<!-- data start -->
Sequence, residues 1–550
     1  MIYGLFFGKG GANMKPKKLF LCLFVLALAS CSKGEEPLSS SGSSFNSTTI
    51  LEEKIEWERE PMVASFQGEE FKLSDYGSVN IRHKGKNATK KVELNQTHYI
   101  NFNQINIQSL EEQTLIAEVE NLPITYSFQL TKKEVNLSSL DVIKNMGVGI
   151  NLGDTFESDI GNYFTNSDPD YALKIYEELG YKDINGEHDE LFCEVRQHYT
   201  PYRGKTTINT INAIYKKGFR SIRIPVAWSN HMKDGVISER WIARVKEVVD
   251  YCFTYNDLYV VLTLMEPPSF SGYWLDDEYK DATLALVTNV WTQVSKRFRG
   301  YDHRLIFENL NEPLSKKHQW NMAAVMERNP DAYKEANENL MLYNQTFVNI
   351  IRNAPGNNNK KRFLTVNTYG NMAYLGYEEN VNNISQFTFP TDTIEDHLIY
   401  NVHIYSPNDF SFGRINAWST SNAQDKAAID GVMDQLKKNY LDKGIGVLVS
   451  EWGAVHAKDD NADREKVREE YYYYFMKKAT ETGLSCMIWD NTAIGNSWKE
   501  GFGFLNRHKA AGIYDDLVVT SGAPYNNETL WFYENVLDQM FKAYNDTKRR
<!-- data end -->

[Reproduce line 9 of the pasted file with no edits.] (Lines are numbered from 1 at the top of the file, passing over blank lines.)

   351  IRNAPGNNNK KRFLTVNTYG NMAYLGYEEN VNNISQFTFP TDTIEDHLIY